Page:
Processing Day – always a lot of fun, hard work, and lesson learning. So, what all happens on processing day you wonder. It actually begins the day before processing actually happens. The chickens are moved in the late afternoon one last time and get one last feast of fresh grass, bugs and worms. The processing equipment is taken out of storage, positioned and set up. Everything is cleaned, sanitized, and tested. Once everything is ready to go for the next day, it is cover up for the night. We then go through our checklist of supplies, tools, and equipment and gather everything needed for each station of the processing line so we are as organized as possible for the next day.
The day of processing start around 6:30 am. All the processing equipment gets another wipe down with a bleach and water solution and a rinse off. The scalder is filled and turned on to get the water at the right temperature. The first batch of chickens is brought from the pasture to the processing area. Chill tanks are filled with ice and water and additional ice in coolers is prepositioned near the chill tanks to top them off as needed throughout the day. Once everything is in place and the scalder is up to temperature, a blessing is said and thanks is given to the chickens for the sacrifice they will make to put food on all of our tables and then the processing starts.
There are eight steps or stations that our small four person team mans in our processing line. The first is the Kill Cone station. The chickens are placed upside down (which naturally calms them) in the cones and an incision is made in their necks that severs the carotid artery. This quickly lowers the chicken’s blood pressure, causing it to pass out. The chicken then bleeds out and is ready for the next station. I know this initial step doesn’t sound very nice, but it is a necessary fact of life that must be done and the chickens are dispatched as humanly as possible. The next station is the scalder tank where the chickens are rotated around in hot water for about a minute to loosen the feathers for plucking. After the scalder, the next station is the plucker. As the name implies, the plucker plucks the feathers from the chicken. The plucker is basically a drum with a rotating bottom and a number of rubber fingers sticking out the sides. As the chickens rotate around, the rubber fingers pluck the feather. Once done, the chicken moves to the next station – evisceration. Evisceration is a fancy word for removing the guts. At this station, the head, feet, and innards are removed. Hearts, livers, and gizzards are saved and the rest is put in the compost bucket. Next is the first of two quality control stations where the chickens are inspected to make sure nothing was missed and they are of the quality in which we want to offer to our customers. Then next station is the chill tank. Here, the chickens are placed in an ice water bath to bring their temperature down to below forty degrees as quickly as possible. The chickens are then kept below forty degrees for approximately 24 hours to allow them to rest so that the customer gets the most tender and juicy chicken possible. After their rest, the chickens go through one more quality control inspection and then are either bagged in shrink wrap bags or butchered into individual cuts and vacuum sealed. Both are able to be frozen for a year or more.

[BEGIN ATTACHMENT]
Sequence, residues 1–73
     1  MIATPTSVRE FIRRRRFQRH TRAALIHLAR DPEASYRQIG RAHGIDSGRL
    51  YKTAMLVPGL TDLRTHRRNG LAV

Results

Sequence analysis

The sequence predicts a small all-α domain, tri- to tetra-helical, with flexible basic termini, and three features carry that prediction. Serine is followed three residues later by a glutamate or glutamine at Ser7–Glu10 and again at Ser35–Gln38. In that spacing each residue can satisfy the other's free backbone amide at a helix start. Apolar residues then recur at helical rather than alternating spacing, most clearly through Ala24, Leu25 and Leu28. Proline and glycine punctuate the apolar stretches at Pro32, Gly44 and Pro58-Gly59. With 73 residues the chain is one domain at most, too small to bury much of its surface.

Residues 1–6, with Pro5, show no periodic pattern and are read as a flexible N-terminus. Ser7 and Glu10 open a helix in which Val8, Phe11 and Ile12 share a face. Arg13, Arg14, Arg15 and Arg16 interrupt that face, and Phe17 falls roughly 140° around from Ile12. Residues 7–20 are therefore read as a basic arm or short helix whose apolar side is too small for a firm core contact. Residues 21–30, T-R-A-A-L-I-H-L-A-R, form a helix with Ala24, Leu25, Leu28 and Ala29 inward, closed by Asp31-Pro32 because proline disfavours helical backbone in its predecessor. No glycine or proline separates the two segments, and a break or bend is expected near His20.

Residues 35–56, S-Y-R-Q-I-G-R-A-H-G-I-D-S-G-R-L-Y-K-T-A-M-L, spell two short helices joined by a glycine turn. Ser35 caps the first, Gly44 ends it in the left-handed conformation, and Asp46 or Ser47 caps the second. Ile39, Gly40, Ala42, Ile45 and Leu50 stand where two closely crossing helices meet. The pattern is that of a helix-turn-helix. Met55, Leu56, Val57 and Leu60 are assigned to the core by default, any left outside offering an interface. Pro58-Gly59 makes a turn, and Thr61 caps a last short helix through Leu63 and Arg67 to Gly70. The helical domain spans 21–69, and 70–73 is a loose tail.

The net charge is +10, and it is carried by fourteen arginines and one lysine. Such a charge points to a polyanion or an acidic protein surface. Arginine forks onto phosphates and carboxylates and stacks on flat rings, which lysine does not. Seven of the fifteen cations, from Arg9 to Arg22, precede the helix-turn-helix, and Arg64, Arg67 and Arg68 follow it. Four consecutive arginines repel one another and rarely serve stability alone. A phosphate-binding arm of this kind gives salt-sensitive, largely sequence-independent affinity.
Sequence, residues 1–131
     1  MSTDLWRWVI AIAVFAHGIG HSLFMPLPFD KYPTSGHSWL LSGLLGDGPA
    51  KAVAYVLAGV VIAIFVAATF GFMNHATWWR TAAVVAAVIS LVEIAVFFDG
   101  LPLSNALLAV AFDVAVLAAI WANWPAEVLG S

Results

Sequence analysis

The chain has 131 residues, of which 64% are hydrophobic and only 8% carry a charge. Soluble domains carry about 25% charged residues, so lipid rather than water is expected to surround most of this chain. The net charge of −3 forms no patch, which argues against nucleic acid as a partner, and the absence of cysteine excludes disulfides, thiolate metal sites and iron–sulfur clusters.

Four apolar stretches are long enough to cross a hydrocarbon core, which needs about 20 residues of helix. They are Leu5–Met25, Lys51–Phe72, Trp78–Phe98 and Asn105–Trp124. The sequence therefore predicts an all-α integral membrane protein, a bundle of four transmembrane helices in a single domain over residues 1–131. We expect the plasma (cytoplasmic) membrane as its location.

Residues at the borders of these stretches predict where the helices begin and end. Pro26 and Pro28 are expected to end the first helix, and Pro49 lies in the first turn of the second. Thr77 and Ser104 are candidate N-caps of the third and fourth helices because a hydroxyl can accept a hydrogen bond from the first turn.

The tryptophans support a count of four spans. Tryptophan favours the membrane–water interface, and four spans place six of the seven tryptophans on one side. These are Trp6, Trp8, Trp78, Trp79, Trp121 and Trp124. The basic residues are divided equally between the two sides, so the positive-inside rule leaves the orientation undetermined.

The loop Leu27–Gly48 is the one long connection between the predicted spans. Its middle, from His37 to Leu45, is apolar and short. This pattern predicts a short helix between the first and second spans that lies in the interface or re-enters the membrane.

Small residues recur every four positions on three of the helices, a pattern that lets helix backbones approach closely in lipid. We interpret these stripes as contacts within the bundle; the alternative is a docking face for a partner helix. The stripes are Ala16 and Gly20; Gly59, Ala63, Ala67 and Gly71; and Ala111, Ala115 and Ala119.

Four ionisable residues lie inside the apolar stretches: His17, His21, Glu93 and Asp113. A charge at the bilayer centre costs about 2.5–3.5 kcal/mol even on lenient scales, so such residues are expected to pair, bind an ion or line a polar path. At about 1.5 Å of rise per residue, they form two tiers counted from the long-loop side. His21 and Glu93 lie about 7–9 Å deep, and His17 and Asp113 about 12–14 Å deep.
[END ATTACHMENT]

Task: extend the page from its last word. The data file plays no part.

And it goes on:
As always, learning happened during processing day. The first lesson of note for future processing days was to make sure all hose clamps are tightened down. Nothing like having a water line pop loose in the middle of the operation. Next was to have a chill tank for chickens that are not “customer worthy.” These are chickens that while in the plucker tore some skin or ended up with a broken wing/leg. Basically, any chicken that we would not want to present to any one of our customers will get tossed into this chill tank. The last big lesson learned was to be more prepared for and have a more steam lined process for customer pick up and work on providing a more enjoyable experience for our customers.
So, with the 2015 pasture poultry done and behind us, we are going to be using the off season to internalize our lessons learned, streamline our processes and work to deliver not only extremely tasty and nutritious chicken, but a more enjoyable customer experience.
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In the meantime, enjoy the fall weather and chicken from our pasture to your plate.